The journal of the American Medical Association published a recent comparative study done by researchers from the University of Cincinnati who analyzed results from a telephone survey of people living in greater Cincinnati region.
The survey involved 2170 respondents who were asked to name up to three stroke warning signs and risk factors. This was compared with a similar survey conducted in 1995 to study the changes in public awareness. It was found that 70 percent of respondents correctly named at least one established stroke warning sign vs. 57 percent in 1995 and 72 percent correctly named at least one established stroke risk factor vs. 68 percent in 1995. The researchers however found that those individuals with the highest risk and incidence of stroke, such as persons at least 75 years old, blacks, and men, were the least knowledgeable about warning signs and risk factors. They also identified mass media, including television (32 percent), magazines (24 percent), and newspapers (22 percent) as the most frequently cited sources of knowledge about stroke.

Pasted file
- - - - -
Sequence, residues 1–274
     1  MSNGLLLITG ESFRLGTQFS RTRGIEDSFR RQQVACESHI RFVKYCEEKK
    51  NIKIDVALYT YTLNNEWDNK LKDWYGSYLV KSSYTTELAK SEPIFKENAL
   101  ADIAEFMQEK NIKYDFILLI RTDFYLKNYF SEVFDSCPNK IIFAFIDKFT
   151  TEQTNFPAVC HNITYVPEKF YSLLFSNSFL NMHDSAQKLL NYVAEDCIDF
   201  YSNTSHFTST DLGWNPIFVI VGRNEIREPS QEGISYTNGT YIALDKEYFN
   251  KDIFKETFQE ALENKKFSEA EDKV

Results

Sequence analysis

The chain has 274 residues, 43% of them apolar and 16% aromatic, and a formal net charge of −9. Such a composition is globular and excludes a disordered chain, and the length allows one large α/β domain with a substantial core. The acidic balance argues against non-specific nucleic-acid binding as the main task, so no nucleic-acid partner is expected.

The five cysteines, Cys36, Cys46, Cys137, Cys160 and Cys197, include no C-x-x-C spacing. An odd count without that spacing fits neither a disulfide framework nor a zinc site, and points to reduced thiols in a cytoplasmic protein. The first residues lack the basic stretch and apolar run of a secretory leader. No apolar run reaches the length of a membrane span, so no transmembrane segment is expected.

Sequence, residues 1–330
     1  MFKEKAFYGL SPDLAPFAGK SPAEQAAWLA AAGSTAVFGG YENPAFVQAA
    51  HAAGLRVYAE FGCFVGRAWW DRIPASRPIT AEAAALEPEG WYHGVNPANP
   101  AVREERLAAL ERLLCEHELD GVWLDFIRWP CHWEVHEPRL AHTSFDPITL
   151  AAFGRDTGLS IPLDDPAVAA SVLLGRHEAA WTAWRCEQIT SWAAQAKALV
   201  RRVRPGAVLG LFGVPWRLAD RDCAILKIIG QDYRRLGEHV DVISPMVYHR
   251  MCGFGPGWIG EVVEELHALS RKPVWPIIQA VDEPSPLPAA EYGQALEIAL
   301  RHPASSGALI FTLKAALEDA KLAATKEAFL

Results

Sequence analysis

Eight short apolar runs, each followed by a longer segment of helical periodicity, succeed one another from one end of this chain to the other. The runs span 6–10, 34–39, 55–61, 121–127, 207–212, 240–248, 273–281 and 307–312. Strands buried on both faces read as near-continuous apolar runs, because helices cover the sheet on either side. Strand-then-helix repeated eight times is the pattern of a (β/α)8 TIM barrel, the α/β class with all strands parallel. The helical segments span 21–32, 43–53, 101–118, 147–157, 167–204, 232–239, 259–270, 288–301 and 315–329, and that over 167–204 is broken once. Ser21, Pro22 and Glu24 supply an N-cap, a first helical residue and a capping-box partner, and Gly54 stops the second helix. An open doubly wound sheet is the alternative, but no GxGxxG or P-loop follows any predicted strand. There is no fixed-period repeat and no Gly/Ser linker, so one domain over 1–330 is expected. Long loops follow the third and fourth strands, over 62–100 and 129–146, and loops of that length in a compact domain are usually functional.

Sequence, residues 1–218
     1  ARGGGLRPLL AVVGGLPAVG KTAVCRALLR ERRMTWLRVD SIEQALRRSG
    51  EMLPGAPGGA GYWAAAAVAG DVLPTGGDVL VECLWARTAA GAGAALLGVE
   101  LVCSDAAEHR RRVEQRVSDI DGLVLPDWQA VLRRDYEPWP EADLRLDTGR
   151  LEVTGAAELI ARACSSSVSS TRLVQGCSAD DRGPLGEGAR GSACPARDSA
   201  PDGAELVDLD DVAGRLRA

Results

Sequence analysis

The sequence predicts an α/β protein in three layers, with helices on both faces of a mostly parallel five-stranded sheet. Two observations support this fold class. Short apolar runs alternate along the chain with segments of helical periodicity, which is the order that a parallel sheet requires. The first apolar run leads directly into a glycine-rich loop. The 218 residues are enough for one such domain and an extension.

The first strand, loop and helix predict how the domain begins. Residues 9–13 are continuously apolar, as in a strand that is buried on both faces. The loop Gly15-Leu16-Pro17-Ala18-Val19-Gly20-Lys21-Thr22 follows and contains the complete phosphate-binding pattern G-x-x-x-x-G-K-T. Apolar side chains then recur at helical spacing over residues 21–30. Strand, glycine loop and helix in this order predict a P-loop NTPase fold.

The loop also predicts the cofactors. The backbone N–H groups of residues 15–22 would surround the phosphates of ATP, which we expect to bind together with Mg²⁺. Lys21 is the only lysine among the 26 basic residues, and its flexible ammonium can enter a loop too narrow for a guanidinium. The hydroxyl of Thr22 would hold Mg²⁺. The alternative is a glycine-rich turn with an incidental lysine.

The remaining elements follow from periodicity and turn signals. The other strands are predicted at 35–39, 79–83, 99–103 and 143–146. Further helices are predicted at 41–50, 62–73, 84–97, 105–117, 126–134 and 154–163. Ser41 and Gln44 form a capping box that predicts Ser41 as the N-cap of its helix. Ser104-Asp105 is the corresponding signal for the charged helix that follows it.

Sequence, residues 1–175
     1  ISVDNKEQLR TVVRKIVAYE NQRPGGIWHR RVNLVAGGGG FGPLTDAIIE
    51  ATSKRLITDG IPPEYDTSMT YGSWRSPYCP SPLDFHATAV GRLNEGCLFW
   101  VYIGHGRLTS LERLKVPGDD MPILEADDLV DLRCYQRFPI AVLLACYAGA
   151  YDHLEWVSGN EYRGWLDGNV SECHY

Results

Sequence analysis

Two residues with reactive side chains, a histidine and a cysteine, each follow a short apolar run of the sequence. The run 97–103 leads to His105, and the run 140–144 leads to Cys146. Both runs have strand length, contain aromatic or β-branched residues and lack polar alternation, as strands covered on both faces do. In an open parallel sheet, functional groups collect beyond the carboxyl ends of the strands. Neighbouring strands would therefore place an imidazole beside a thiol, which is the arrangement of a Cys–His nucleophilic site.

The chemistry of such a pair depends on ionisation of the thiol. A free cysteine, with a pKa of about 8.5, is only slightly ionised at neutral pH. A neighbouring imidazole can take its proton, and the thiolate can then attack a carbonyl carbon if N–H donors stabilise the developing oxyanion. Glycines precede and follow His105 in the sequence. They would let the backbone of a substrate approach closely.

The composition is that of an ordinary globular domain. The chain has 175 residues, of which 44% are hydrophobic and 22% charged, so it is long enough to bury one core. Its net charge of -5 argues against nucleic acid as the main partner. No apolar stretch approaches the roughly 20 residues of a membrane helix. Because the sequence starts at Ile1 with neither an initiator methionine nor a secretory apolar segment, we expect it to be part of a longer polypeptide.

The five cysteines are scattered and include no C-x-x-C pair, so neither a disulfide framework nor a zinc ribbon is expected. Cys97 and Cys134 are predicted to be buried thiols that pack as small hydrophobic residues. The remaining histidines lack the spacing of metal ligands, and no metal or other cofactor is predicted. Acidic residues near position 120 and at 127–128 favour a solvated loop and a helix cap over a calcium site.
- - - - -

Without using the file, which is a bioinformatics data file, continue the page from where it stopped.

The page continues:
The authors of the article concluded that public education efforts must continue and should focus on groups at the highest risk of stroke as the knowledge of stroke risk factors had not improved significantly since the last survey.